Known Unknowns is a four-part Twine series by the author of Birdland and set in the same universe. The protagonist is Nadia, a Toronto teenager who is trying to deal with her sexuality, fraught relationships with several of her classmates, various annoying teachers, and the real possibility that she has just encountered a ghost raccoon.
Like Birdland, this is Y/A queer romance — but this time the choices are less about self-characterization and more about how you’re going to interact with the side characters. (And, as in Birdland, the core plot remains the same regardless. This is not as far as I can tell a heavily branching story, but the interpretation of individual scenes can vary a good bit.) Known Unknowns is immensely charming and accessible, solidly structured and well paced — and as it’s now available in its complete form, there’s no waiting between episodes.
The whole experience is smooth enough that it’s easy to ride right over the formal experimentation here. Though it’s a Twine game, Known Unknowns clearly belongs to a tradition of interactive fiction that knows about parser IF as well: there are several sequences where you’re navigating a space (in some cases even a space with compass directions) and choosing what to look at and which characters to talk to; and there are scattered jokes that are a clear acknowledgement of parser IF traditions. There are also moments that feel more reminiscent of Life is Strange, especially the elective conversations with scattered classmates. And there are a handful of sequences in which the player’s choices are even more surprising. Any given screen of text in Known Unknowns might represent:
- Dialogue with one or more other characters, followed by a choice (often not verbatim) of what to say next
- …including some examples that are not exactly in English
- A room description, with choices of where to go or whom to interact with
- The screenplay of a show we’re watching, with options as to which dialogue we want to comment on
- Elements of a to-do list we’re working our way through, which we can tackle in any order
And notably, the default action here, the thing that happens most of the time when you click on a link, is not examine but discuss. Many, many Twine games divide links between those that will give you an object description and those that will move the story forward. Known Unknowns keeps you in conversation, and even your observation takes the form of conversation rather than interior monologue.
It’s good conversation. Hennessy’s dialogue is funny and assured. The few adults are pretty much all figures of satire — the mocking and dismissive French teacher, the history teacher who is desperately trying to be one of the kids, the occasional parent — but the other students mostly move (or at least can move) from an initial stereotype to something a bit more fleshed out, if you spend enough time to get to know them. Indeed, most people you encounter have a solid motive for what they do, even if it’s not initially clear what that is.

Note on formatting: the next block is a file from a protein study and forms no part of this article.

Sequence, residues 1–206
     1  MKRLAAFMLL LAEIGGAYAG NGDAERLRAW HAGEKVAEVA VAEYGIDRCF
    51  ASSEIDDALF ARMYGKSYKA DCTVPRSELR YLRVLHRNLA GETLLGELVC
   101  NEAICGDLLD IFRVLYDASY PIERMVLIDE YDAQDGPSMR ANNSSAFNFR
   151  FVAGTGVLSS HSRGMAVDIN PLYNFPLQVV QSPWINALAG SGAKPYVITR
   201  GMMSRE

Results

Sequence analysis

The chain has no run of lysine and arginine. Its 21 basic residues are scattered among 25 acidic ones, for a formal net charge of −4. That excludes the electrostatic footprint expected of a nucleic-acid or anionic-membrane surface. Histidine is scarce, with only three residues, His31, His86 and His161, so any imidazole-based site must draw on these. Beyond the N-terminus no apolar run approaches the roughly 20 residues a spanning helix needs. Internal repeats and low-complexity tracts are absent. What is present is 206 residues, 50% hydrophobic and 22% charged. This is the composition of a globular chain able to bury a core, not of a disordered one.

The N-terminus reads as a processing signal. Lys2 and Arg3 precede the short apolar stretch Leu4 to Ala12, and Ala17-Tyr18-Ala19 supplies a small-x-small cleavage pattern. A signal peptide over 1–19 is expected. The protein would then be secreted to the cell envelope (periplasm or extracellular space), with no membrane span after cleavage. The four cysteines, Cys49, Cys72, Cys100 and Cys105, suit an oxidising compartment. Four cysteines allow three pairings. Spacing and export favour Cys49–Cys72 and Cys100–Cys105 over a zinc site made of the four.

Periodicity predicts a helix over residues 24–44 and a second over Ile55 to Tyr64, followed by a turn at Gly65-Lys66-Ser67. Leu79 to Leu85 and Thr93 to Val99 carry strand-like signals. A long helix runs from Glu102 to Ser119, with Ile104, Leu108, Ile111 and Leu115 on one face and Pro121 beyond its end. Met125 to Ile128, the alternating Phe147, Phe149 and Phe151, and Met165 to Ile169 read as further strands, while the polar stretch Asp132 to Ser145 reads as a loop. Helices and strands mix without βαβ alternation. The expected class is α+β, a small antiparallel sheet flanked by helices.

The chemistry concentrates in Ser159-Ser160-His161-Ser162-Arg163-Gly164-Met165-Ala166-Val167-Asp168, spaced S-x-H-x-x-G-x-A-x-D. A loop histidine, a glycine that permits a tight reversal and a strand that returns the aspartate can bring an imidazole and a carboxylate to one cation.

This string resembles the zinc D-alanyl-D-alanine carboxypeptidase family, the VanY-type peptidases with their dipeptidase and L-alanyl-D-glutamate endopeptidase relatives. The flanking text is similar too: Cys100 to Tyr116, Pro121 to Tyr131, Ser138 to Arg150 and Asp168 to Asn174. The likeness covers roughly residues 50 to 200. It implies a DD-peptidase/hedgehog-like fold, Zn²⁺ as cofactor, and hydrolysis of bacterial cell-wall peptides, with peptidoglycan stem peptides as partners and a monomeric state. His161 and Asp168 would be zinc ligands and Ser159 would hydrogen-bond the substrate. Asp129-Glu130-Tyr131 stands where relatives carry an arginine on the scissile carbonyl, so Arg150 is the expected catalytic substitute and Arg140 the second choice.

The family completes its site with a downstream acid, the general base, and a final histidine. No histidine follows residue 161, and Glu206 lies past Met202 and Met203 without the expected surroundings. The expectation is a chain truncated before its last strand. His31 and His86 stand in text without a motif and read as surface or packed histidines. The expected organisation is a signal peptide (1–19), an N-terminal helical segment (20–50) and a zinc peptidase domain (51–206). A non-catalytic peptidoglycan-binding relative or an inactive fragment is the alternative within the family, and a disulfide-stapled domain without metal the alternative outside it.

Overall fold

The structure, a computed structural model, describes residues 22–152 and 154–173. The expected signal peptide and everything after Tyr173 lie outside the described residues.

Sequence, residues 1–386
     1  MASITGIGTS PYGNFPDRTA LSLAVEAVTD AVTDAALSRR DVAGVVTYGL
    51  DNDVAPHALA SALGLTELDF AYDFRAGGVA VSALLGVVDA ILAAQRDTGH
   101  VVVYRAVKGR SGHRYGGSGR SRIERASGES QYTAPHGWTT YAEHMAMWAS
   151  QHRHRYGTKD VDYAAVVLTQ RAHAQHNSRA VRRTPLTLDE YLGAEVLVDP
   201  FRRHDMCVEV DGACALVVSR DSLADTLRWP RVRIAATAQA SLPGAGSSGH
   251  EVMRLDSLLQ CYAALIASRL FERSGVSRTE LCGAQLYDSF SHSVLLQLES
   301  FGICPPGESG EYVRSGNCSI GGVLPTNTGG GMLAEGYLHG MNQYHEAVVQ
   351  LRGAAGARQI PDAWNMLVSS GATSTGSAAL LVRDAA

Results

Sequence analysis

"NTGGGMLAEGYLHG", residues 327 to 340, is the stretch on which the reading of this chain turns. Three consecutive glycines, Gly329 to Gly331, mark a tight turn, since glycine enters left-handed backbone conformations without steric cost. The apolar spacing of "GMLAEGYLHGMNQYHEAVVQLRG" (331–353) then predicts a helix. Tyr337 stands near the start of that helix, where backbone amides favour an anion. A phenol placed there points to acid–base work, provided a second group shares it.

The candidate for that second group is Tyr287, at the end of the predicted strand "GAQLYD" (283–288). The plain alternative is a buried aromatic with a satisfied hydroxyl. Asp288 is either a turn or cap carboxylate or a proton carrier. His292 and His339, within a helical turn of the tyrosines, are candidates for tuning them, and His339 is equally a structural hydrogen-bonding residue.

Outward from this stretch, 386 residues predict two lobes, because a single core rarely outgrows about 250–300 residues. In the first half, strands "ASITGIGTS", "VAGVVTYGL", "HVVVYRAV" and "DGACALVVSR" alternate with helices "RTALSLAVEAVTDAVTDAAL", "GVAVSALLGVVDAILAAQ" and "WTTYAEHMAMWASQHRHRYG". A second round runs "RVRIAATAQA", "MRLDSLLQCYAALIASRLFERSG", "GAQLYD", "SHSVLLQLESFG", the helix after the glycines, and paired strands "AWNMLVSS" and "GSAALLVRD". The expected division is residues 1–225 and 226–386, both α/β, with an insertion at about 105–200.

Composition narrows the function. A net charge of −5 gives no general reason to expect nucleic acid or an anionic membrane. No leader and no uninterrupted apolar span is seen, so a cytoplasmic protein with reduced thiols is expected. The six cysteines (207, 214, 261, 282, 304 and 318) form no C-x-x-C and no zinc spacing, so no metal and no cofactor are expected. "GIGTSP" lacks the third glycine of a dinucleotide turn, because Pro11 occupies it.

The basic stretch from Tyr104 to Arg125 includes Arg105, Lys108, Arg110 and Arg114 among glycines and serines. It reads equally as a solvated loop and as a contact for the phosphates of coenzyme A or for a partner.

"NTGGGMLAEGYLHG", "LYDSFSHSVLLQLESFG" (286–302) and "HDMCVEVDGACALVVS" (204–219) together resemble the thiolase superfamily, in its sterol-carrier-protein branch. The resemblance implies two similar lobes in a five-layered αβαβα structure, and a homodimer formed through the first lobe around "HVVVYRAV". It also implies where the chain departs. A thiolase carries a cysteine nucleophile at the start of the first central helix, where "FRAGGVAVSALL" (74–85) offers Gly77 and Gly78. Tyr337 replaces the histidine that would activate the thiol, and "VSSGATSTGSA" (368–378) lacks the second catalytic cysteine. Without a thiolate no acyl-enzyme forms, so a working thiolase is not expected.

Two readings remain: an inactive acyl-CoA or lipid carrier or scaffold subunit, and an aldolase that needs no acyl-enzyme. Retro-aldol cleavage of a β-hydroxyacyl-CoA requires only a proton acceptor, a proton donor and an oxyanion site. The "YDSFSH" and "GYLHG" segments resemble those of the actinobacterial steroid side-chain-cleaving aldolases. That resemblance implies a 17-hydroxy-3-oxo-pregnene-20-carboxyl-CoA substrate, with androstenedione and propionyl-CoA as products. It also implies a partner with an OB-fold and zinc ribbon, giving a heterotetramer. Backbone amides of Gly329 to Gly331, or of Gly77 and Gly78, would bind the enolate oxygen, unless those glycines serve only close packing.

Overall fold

Meanwhile, also because of this rigorous focus on conversation, we often don’t explicitly see or specify what Nadia is thinking. We see what she’s saying to other characters — but that could be untrue, or limited, or represent internal confusion. It’s a very cinematic approach in a lot of ways — embracing the way film and television rely on subtext, rather than novelistically telling you what the protagonist has in mind.
There are quite a few moments where I wish I could make Nadia be more direct with people, and more truthful about what’s going on with her. And there were a few times when the choice structure also funneled me towards one thing I didn’t really want to do, like texting her boyfriend Allen. Curiously, the parser-esque structure where you can move from room to room helps disguise the occasions when there is only one option that will move the story forward — because you’re welcome to keep wandering through the rooms looking for something else to do, but at the end of the day, only that one interaction option will make things progress.
In the case where I wound up texting Allen because I couldn’t find anything else to do, it felt like Nadia was falling back on this as a habit and a default. Contacting him was something to do, when she didn’t have the imagination to picture different ways she could act in the present social circumstances. If this scenario had been replaced with a Twine screen where I only had one option, Text Allen, I would have felt a bit more railroaded; and I also wouldn’t have had the experience of flailing around trying to come up with another option, which was part of Nadia’s journey as a protagonist, not just my journey as a player.
But then, Nadia’s limitations are the point. She doesn’t have the confidence or self-knowledge to navigate high school romances very effectively. She needs to understand herself better before she can be honest with other people. In contrast with, say, Rameses, she is allowed to make progress and change over the course of the story.
This is a sweet and lovely piece, not to mention very funny. I highly recommend it.